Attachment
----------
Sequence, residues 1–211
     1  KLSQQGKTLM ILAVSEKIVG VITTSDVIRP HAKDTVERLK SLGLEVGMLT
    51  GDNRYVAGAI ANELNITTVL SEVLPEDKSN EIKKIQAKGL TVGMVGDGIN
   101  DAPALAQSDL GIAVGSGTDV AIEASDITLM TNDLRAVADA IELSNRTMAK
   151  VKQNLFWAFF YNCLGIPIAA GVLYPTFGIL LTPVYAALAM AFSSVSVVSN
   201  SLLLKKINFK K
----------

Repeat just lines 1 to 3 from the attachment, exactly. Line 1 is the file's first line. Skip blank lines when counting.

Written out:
Sequence, residues 1–211
     1  KLSQQGKTLM ILAVSEKIVG VITTSDVIRP HAKDTVERLK SLGLEVGMLT
    51  GDNRYVAGAI ANELNITTVL SEVLPEDKSN EIKKIQAKGL TVGMVGDGIN